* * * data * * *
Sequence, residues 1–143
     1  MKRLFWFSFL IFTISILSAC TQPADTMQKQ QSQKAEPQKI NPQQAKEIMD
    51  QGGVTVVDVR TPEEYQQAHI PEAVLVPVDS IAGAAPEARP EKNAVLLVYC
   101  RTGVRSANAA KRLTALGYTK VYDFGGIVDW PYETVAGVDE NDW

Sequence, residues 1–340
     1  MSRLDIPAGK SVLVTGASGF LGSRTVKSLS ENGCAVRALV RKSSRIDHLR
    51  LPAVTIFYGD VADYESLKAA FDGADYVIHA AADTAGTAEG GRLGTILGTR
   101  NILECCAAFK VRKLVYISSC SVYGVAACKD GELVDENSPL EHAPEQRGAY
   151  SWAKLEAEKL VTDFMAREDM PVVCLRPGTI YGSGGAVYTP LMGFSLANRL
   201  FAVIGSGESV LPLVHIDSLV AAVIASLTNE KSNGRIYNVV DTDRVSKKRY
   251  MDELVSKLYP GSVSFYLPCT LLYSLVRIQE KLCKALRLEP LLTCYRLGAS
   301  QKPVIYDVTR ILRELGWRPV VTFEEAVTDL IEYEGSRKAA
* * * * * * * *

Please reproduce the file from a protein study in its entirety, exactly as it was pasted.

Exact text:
Sequence, residues 1–143
     1  MKRLFWFSFL IFTISILSAC TQPADTMQKQ QSQKAEPQKI NPQQAKEIMD
    51  QGGVTVVDVR TPEEYQQAHI PEAVLVPVDS IAGAAPEARP EKNAVLLVYC
   101  RTGVRSANAA KRLTALGYTK VYDFGGIVDW PYETVAGVDE NDW

Sequence, residues 1–340
     1  MSRLDIPAGK SVLVTGASGF LGSRTVKSLS ENGCAVRALV RKSSRIDHLR
    51  LPAVTIFYGD VADYESLKAA FDGADYVIHA AADTAGTAEG GRLGTILGTR
   101  NILECCAAFK VRKLVYISSC SVYGVAACKD GELVDENSPL EHAPEQRGAY
   151  SWAKLEAEKL VTDFMAREDM PVVCLRPGTI YGSGGAVYTP LMGFSLANRL
   201  FAVIGSGESV LPLVHIDSLV AAVIASLTNE KSNGRIYNVV DTDRVSKKRY
   251  MDELVSKLYP GSVSFYLPCT LLYSLVRIQE KLCKALRLEP LLTCYRLGAS
   301  QKPVIYDVTR ILRELGWRPV VTFEEAVTDL IEYEGSRKAA